Long-Lost Toyoda AA Discovered in Russia?

We love a good mystery, and Russian JNC reader Nitzer may have stumbled onto the mother of them all. Perhaps you can help determine if this is the Bigfoot of Toyotas or a man in a hairy suit. A gentleman in Russia claims to have purchased a genuine 1930s Toyoda AA, a car so rare that the company who made it doesn’t even own one.

That’s because not a single one is known to exist. All the examples photographed at the Toyota Automobile Museum are replicas.

The 1936 Toyoda AA was Toyota’s first production car. Even in its time, it was rare — only 1404 were reportedly built during its nine year lifespan. In 1980 Toyota sought to restore an original AA, but failed to locate any remaining vehicles.

Instead, they raided the archives and tracked down retired employees that had actually worked on the originals. Keep in mind, 50 years had gone by and many of the employees had already passed away. It took six years to finish the project and the handful of cars that emerged are now on display in various museums in Japan.

On November 19, a member on the Russian site Retro-Auto posted a car he claims to be an authentic AA. Right away it’s obvious several things don’t match, including the grille, hood, and chrome trim along the side.

However, after 80 years of abuse — entire sections of the body have been cut out — it’s likely those bits have been scavenged from other cars, or fabricated from scratch altogether.

The thread on JNC immediately began debate on whether or not it was a very similar-looking 1934 Chrysler Airflow, but the strongest evidence pointing to the AA is that of the three cowl “louvers.” The Airflow had many louver designs, never in that shape with the tapered ends:

chrysler airflow louvers

Unlikely as it may sound, we have to remain open to the possibility that someone took an Airflow (or another similar car) and modified it to look like the Toyoda AA.

From the rear it becomes clearer that the chrome trim was definitely added on later. Note the character line curving down under the D-pillar.

toyota toyoda aa rear

Here’s a rear end shot of the Toyoda AA for comparison. It’s very similar to the rear of the Chrysler Airflow sedan, so we still don’t know if the Russian car is a true AA. Russia and Japan are separated by only 40 miles at the narrowest strait along the Sea of Japan. J-tin has been flowing into Russia like mad in recent years, so it wouldn’t be far-fetched to think an AA could have sneaked its way across at some point.

We’re posting this in the hopes that someone who doesn’t regularly delve into the forum mayhem can shed some light on the subject. Sorry we don’t have a definitive answer for you yet, but that’s the beauty of this mystery — it’s still unfolding!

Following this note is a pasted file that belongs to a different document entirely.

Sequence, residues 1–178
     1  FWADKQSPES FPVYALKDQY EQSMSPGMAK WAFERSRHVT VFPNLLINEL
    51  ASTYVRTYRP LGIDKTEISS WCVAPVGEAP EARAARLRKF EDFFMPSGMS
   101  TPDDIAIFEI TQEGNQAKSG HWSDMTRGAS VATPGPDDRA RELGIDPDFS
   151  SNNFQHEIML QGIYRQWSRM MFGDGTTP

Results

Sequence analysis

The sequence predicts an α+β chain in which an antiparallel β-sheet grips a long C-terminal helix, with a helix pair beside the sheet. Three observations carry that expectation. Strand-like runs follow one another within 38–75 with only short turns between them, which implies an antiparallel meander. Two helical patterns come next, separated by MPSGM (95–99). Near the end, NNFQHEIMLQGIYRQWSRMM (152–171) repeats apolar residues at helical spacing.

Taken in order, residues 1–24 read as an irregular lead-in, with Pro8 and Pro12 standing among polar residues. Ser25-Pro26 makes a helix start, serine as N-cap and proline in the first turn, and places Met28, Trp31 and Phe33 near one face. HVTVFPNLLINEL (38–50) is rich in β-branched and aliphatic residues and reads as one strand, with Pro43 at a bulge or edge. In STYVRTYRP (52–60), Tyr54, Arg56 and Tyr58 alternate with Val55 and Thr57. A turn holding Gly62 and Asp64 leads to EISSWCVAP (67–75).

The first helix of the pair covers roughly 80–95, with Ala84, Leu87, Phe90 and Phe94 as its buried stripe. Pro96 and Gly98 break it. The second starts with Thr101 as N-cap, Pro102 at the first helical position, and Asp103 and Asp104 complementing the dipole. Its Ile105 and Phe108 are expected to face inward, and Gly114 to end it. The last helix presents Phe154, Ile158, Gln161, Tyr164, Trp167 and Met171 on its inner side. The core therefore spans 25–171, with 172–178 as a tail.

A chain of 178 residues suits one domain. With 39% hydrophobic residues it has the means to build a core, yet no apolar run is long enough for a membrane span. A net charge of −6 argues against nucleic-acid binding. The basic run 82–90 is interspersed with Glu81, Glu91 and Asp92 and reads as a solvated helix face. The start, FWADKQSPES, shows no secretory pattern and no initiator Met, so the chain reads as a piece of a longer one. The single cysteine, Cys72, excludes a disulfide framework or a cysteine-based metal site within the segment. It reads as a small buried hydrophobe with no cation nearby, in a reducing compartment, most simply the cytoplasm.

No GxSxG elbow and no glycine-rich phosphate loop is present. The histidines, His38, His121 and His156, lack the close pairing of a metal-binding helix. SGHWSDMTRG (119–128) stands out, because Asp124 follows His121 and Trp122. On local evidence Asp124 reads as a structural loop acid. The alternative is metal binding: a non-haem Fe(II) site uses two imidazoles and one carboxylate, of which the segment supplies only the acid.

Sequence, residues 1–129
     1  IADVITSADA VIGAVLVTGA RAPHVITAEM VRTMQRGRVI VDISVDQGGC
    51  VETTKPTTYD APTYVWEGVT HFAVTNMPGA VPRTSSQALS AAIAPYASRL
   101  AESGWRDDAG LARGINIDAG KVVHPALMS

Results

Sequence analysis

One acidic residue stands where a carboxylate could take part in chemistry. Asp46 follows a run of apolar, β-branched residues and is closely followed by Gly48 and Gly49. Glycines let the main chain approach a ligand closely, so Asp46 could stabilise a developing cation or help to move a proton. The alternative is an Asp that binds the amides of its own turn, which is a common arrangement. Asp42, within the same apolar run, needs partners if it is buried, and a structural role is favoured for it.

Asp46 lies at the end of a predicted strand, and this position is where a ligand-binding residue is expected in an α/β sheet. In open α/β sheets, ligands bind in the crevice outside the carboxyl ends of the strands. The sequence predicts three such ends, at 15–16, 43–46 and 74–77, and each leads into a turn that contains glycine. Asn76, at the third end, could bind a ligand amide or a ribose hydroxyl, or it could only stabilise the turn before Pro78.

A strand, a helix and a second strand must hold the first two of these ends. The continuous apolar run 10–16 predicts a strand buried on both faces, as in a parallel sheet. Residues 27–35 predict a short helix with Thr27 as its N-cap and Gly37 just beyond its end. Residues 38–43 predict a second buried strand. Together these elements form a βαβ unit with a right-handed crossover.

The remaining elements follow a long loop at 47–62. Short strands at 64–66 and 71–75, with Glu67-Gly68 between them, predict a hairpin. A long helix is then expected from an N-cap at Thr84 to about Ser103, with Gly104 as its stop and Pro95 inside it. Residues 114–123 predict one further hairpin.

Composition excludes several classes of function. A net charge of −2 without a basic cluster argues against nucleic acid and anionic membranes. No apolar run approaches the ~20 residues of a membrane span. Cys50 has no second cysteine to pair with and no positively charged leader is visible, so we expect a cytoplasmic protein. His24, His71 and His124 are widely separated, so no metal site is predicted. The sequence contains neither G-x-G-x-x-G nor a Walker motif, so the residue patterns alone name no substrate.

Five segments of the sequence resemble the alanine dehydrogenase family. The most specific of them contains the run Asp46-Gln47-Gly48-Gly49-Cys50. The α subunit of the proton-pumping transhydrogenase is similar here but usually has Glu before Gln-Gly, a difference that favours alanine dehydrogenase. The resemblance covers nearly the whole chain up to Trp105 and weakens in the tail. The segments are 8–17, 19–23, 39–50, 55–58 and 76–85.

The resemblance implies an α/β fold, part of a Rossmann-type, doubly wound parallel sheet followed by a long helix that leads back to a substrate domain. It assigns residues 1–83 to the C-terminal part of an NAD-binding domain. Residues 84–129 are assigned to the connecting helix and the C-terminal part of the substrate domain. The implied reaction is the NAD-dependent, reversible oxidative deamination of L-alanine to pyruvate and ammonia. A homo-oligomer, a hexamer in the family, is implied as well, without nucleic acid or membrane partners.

We couldn’t include everything in this post, so check out all the evidence (and many more photos) for yourself in the Russian Toyota AA forum thread.

[Toyoda AA Photo Credit: Matumo, zzeri]

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33 Responses to Long-Lost Toyoda AA Discovered in Russia?

  1. Dan says:

    Get on it Toyota!

  2. Jon says:

    I’m no expert, but I say it’s quite possible this vehicle started life as a Toyoda AA. The windows are the primary identifier — it would be very time consuming to reproduce the window openings exactly as they are on the AA on another vehicle’s body.

    The major parts that don’t line up, aside from the chrome, are all on the front end, indicating that this vehicle probably had a front-end collision at one point in time. I can easily imagine the bumper, grill and hood being damaged beyond repair, but the rest remaining intact. New parts for the AA would obviously have been impossible to find, so it seems likely that they would have used what was available, and made it all fit.

    The rear end lines up almost perfectly with the AA, with the obvious exception of the large missing section. Potentially this was damaged in the same accident that claimed the front end, and was cut off and never replaced. There appears to be a bit of a pickup-truck bed quality to the rear. When you only have one vehicle, you make it fit your needs.

    The only other sources of question for me are the windscreen and the wipers. In the pristine AA picture, there is no center pillar and the wiper appears to be mounted above the windscreen. In the Russian example, the wiper is below the windscreen, and the screen itself has the center pillar. However, the windscreen could have been replaced with whatever they had to fit, and the pillar is actually attached to the glass, rather than the car. The windscreen almost looks like the windscreen on my ’46 Dodge WC.

    To me, there are too many similarities to a real AA to discount this as a fake. Window shapes/sizes/locations, door shapes and hinges, roofline, etc. All of these would take considerable time, talent and money to replicate, and I just don’t think this vehicle has had that treatment.

  3. Jon says:

    One more thing — I know it’s not easy to just pop on over to Russia for a close-up look, but assuming someone did examine it, it should be pretty simple to figure out. There should be serial number plates on the body and stamped into the chassis, which can be cross-referenced against known information — assuming that someone has access to the serial numbers for the actual Toyoda AA’s.